September 22 2015 - by Dr. Elena Pnevmonidou, University of Victoria
Alexis Tsipras, leader of the Syriza Party, achieved a decisive victory in the Greek national election that will enable him to secure a majority government in coalition with his former partner, the nationalist right-of-centre Anel Party. In doing so, Tsipras defied the predictions of polls that consistently placed him either in a deadlock with the conservative New Democrat Party or even trailing behind. Yesterday’s election results are remarkable indeed. For one, Tsipras ran on a platform that one might call the diametrical opposite of the populist anti-austerity platform that secured his landslide victory in the January 2015 election.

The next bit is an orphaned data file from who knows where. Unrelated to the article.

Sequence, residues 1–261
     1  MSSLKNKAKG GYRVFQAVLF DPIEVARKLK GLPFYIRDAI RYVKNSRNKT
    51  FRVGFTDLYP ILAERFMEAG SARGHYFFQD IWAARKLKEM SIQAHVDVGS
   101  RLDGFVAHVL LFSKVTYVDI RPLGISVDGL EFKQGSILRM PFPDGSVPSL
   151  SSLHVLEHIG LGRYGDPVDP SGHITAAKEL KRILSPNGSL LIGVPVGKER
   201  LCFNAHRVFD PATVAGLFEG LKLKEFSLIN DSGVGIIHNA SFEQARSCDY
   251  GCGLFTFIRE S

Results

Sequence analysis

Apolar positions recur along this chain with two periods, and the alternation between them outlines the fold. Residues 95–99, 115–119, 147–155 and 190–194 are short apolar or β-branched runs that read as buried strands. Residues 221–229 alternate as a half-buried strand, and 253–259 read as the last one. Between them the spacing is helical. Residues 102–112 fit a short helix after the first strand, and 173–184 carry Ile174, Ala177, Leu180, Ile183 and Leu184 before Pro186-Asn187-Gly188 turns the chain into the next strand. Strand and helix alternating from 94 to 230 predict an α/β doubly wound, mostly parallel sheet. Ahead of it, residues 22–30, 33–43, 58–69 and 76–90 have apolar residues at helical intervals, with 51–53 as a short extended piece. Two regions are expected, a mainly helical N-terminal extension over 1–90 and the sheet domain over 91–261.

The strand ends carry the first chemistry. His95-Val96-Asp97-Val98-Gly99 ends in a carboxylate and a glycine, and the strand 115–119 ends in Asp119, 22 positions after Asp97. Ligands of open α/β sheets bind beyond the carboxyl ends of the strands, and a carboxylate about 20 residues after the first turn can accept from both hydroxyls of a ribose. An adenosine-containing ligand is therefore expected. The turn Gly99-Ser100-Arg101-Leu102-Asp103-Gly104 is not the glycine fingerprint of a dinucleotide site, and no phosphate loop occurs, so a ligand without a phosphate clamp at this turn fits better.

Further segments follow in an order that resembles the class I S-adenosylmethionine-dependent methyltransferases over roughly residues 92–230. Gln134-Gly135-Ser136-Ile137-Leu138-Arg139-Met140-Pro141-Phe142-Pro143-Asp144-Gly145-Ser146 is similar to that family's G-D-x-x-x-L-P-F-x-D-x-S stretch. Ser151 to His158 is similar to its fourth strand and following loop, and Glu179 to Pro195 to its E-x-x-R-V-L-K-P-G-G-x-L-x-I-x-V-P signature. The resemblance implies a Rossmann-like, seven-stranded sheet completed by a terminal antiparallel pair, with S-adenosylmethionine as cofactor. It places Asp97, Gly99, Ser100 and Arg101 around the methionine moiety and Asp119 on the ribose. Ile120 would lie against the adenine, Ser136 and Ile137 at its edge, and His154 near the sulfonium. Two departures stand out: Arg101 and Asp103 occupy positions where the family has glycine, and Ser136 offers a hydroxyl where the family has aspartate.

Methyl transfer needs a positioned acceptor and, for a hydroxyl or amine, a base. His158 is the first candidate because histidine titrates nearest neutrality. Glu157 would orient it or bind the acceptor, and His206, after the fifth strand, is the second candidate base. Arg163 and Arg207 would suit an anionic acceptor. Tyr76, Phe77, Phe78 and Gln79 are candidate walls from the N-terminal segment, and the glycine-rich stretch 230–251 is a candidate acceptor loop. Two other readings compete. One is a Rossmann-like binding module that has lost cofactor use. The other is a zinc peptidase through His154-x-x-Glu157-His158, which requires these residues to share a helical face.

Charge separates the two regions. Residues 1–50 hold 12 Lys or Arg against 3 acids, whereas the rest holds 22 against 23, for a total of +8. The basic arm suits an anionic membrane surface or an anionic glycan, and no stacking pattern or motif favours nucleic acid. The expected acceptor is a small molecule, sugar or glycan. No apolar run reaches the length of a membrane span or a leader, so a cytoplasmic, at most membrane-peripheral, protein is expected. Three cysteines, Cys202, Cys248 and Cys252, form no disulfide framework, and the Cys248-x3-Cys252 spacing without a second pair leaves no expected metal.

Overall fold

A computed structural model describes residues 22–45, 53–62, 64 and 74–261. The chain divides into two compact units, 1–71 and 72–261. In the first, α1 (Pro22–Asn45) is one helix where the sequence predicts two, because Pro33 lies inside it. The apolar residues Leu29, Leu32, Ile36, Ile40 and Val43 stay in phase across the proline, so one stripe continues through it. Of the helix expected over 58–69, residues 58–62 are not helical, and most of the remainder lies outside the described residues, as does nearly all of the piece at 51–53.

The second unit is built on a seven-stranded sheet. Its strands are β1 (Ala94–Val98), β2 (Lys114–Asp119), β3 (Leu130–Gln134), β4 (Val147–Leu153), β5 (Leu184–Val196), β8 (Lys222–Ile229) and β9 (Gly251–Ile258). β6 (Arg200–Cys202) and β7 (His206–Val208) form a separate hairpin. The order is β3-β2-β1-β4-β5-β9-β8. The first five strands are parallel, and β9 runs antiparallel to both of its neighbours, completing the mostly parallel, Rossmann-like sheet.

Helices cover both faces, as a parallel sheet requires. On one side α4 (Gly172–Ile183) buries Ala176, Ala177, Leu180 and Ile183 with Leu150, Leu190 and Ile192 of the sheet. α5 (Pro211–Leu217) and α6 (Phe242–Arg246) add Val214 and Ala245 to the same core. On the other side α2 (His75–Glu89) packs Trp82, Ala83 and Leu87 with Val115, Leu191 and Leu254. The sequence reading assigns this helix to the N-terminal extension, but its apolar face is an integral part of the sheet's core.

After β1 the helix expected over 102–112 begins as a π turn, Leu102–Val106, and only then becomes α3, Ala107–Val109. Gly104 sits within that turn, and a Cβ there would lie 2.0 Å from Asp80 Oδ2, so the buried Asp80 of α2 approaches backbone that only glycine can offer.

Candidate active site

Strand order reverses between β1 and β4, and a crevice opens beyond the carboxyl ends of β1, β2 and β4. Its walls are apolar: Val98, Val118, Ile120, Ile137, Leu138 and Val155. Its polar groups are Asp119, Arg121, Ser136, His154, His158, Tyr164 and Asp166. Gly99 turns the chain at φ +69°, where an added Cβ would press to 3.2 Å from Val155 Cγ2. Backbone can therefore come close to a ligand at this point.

Up until the July 5 referendum, which received the support of 61% of the Greek voters, Tsipras seemed to stay true to the principles of his platform. Yet within days of receiving that clear mandate to remain on the anti-austerity course in his bailout negotiations with the Eurogroup and the IMF, Tsipras made an unexpected turnabout, installed a new finance minister and agreed to a bailout package with conditions that critics consider to be harsher even than the conditions of the bailout deal that was annulled by the referendum. Tsipras thereby averted what became the ever more realistic possibility of a Grexit, the forced exit of Greece from the European Monetary Union and return to the Drachme. But he also risked the integrity of the Syriza Party and his own political future: He was accused of betraying the Greek people and the members of his own party. 25 far-left members of Syriza defected to form a new party, the Popular Unity. This fracturing of Syriza placed Tsipras in a minority government position, and he was only able to ratify the harsh terms of the new bailout deal with the support of the New Democrats – his ideological opponents whom most Greeks view as being responsible for both the Greek debt crisis as well as the austerity regime that most Greeks find increasingly unsustainable and unbearable.